Posted on Sep 26, 2012 by Tom Gilson
Someone on Facebook (“Zach”) was touting the Bill and Melinda Gates Foundation, Doctors Without Borders, and the Foundation Beyond Belief yesterday, saying they were “doing good without gods.” Zach’s point was that atheists can be just as compassionate as Christians, or even more so. I have to say I am impressed with the Gates’ generosity and the great work DWB does. I’m not familiar enough with FBB to comment on that group.
What He Meant to Say Was…
But there’s confusion in this phrase, “doing good without gods.” It’s a uniquely atheist/skeptic kind of thing to say, but I wonder if we Christians are partly to blame for it.
I think what Zach meant was “doing good without believing in gods.” Otherwise what he said makes no sense. Atheists, Hindus, Muslims, tribal religionists, Jews, and Christians all do the good we do without gods if there is no God or gods; but if there is a God or gods, then we all do the good we do with God or gods. So if there is a God, and if this God is good and motivates humans to do good (as I’m obviously convinced is true), then the Gateses, DWB, and FBB are all doing good with God. They just don’t know it or acknowledge it.
With Or Without God?
Look at it this way. Suppose Zach and I wanted to settle the matter once and for all, so we set up an experiment:
Hypothesis H: atheists can be good without God or gods, as much as or more than Christians can be good with God.
EC1 (Experimental Condition 1): There is a good God who really exists, who created all of physical reality, who made humans in his image, and who has impressed his ethical nature upon our own natures so that we recognize what is good even if we don’t acknowledge God as its source. We measure how much good Christians do in that reality.
EC2: There is no God or gods. We measure how much good atheists do in that reality.
Statistical Test: compare the measurements. H is supported if the measurement in EC1 is not significantly greater than in EC2 by Student’s t-test.
Feel free to laugh–though there’s a point to it. Even as a thought experiment this fails miserably. Reality rules: in EC1, if atheists are good, they are good in a reality that includes God; they are good with God, whether they believe in God or not. In EC2, if Christians are good, they are good in a reality that does not include God; they are good without God, whether they believe in God or not.
Obviously the experiment is impossible in a more fundamental way. We live in Condition 1 or Condition 2, or potentially Condition 3, Condition 4, … Condition n, and whichever Condition x we’re in, that’s the reality we are in with respect to the existence or non-existence of God or gods; and we’re never going to change it. Obviously I believe we’re in Condition 1, and that it’s not an experimental condition at all, but I think you get my point.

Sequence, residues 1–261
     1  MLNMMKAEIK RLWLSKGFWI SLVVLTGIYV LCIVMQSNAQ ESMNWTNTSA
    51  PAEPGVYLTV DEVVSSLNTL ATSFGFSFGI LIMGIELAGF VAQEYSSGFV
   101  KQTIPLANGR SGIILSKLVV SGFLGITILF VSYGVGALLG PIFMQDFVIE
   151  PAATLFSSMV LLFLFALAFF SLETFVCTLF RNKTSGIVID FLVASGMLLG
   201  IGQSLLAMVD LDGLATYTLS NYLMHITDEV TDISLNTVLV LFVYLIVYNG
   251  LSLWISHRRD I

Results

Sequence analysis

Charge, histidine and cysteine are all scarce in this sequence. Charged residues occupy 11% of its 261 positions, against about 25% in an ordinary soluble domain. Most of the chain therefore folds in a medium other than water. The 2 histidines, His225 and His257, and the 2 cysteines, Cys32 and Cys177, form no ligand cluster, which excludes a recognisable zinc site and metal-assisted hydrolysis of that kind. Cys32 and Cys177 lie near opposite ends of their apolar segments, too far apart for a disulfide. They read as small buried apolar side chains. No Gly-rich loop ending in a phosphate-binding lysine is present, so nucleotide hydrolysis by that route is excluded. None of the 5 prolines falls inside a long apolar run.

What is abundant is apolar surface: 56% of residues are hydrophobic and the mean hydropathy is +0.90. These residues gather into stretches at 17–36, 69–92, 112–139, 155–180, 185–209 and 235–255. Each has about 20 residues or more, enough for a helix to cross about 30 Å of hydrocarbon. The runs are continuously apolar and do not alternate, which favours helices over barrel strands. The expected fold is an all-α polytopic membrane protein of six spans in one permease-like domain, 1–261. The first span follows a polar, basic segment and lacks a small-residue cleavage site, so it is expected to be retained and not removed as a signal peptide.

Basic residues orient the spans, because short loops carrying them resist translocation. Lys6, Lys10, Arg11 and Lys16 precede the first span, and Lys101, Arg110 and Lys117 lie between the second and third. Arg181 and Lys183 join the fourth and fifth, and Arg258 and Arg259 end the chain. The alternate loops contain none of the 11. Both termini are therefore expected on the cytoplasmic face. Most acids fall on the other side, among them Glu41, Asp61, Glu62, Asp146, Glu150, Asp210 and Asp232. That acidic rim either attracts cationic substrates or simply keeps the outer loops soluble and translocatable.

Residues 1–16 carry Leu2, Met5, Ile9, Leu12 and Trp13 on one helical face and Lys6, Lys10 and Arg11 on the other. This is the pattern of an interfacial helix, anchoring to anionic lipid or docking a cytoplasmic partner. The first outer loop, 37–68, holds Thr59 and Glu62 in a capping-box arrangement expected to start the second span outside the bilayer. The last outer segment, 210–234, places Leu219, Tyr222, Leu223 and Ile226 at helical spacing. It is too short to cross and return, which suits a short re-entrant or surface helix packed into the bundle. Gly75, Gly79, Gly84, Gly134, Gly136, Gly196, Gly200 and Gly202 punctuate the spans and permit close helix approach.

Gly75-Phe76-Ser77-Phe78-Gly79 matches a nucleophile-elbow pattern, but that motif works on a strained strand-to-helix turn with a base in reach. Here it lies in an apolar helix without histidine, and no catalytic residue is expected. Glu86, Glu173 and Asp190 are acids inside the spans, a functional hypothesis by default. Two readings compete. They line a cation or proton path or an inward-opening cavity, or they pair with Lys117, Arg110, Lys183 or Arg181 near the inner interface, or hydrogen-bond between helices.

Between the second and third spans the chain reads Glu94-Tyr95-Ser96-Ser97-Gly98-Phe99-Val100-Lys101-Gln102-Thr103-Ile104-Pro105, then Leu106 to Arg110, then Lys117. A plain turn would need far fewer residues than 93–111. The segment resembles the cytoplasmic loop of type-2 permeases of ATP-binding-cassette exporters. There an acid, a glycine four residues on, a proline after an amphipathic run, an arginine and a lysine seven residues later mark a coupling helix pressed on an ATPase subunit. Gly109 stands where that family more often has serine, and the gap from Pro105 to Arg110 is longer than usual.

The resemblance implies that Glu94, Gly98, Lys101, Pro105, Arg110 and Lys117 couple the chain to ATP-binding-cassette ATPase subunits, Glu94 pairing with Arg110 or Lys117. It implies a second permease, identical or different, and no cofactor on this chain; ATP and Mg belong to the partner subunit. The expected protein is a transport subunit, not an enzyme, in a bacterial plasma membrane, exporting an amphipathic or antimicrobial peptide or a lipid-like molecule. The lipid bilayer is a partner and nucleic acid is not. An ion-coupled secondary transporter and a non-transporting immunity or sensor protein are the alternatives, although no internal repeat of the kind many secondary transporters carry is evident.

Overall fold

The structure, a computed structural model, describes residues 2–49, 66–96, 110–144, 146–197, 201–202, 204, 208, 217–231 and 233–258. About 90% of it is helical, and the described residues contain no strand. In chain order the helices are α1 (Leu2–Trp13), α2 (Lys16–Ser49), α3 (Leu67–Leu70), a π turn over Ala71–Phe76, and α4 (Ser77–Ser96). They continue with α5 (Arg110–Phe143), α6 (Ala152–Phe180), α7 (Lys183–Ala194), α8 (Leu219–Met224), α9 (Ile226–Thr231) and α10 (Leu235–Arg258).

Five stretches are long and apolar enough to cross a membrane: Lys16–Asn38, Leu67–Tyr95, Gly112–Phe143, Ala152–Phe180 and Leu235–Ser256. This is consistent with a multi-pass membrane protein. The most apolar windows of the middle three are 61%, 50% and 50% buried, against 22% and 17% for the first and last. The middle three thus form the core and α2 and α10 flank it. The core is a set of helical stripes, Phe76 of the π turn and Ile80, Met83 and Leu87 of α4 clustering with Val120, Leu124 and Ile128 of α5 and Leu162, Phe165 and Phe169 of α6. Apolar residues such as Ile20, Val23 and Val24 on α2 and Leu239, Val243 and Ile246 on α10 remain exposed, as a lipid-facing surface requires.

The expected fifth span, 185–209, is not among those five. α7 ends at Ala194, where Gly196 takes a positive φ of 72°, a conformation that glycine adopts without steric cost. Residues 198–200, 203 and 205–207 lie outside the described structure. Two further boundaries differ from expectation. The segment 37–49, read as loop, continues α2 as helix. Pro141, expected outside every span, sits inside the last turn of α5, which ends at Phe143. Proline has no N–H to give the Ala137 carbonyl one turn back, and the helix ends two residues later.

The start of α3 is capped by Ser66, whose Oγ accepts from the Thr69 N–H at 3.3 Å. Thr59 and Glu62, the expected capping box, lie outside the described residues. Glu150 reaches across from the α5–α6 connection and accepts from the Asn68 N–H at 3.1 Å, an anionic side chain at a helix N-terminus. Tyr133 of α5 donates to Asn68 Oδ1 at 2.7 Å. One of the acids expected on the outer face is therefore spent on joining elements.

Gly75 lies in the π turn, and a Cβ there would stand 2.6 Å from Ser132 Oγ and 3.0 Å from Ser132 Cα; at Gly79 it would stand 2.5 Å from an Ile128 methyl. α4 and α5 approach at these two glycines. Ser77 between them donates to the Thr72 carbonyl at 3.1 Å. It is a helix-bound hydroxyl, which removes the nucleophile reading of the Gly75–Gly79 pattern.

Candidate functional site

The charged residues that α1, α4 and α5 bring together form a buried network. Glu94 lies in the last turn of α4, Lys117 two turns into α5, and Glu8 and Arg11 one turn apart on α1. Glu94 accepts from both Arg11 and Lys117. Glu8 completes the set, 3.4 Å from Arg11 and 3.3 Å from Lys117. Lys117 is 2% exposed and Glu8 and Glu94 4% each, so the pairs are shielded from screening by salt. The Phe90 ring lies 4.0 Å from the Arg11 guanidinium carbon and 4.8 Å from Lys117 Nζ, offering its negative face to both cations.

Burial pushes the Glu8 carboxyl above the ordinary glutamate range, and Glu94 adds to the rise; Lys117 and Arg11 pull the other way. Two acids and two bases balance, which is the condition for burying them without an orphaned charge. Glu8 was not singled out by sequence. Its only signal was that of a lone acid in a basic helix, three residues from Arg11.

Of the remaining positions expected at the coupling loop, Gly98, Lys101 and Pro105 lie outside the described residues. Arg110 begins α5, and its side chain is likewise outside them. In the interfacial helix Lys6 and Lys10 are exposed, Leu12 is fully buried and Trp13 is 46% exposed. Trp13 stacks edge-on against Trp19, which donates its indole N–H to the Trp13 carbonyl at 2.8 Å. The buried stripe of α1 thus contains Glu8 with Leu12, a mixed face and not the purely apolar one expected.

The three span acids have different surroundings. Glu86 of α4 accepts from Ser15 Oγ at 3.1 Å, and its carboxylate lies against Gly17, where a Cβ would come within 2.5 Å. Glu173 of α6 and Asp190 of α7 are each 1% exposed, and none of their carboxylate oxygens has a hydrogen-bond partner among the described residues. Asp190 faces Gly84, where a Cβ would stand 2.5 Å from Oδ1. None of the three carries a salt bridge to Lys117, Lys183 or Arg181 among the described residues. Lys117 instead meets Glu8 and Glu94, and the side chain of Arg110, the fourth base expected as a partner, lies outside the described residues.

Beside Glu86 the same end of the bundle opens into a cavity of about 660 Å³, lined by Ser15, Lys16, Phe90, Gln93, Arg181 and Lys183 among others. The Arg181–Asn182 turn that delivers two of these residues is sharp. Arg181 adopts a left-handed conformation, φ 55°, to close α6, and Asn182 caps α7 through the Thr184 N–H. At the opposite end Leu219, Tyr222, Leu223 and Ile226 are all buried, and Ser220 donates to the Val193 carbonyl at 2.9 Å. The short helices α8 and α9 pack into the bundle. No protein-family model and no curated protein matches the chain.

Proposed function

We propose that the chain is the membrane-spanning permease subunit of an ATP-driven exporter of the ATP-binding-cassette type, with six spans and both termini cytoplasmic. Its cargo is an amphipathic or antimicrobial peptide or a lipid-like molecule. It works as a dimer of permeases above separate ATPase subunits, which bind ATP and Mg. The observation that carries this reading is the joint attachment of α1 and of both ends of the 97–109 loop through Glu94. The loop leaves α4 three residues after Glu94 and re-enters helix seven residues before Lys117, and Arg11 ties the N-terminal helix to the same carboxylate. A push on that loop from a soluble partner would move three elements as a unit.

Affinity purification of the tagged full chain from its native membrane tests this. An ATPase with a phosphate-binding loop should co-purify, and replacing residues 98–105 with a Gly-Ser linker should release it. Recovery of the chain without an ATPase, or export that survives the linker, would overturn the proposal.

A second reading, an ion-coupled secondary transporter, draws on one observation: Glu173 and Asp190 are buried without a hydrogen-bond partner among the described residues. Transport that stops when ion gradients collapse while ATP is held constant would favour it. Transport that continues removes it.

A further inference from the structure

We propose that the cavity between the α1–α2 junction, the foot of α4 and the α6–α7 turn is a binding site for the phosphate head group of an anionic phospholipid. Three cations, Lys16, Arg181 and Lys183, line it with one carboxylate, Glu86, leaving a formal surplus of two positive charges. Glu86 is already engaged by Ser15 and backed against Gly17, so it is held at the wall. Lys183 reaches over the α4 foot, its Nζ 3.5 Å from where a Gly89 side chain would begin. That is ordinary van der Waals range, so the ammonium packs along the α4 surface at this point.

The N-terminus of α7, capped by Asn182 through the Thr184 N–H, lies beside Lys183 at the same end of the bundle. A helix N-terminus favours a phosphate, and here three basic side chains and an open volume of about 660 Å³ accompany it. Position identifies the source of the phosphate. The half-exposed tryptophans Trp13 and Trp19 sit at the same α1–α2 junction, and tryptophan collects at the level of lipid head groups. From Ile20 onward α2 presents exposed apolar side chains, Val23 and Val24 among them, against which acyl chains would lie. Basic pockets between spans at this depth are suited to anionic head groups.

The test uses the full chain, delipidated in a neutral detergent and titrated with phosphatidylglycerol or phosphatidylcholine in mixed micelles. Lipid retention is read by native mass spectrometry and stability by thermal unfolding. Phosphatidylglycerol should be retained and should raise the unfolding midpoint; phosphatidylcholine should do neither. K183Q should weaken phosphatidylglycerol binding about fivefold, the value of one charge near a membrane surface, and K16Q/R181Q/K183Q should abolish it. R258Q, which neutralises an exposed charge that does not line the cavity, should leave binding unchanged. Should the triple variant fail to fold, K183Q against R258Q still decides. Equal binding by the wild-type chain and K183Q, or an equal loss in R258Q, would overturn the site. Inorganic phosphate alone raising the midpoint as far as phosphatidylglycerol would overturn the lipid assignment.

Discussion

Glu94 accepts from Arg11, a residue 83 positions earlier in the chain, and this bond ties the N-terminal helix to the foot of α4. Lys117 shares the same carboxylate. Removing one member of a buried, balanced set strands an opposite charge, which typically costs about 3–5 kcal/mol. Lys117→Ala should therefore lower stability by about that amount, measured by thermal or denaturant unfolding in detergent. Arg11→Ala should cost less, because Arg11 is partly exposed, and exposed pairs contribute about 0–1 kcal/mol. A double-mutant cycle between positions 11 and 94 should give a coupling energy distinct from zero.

But Zach and many others (including the authors of at least two books, judging by their titles) miss this. They think that if they’re good without believing in God, they’re being good without God. They treat it as if it’s the belief that matters, not the reality of God.
How Christians Contribute To This Confusion
And this is where I wonder if Christians bear part of the blame. Too many of our preachers have focused on what happens if we believe in God, rather than centering their message on the reality of God himself, and his character and his Kingdom. So if atheists and skeptics focus on what happens if we believe or disbelieve in God, maybe they’re just following certain Christians’ cues.
We could also assign some of blame for this logical error to postmodern rejection of knowledge of reality. Whatever the source of the confusion, I’m urging fellow believers in Christ to keep the reality of God at the center of your thinking. Belief and disbelief have their effects, but they have those effects because of their relation to reality.
And I’m urging atheists, skeptics, and seekers to bear in mind that your beliefs about God are not the same as the reality of God. If God is real, you can’t be good without God. You can’t be anything without God, for there is no such thing as without God.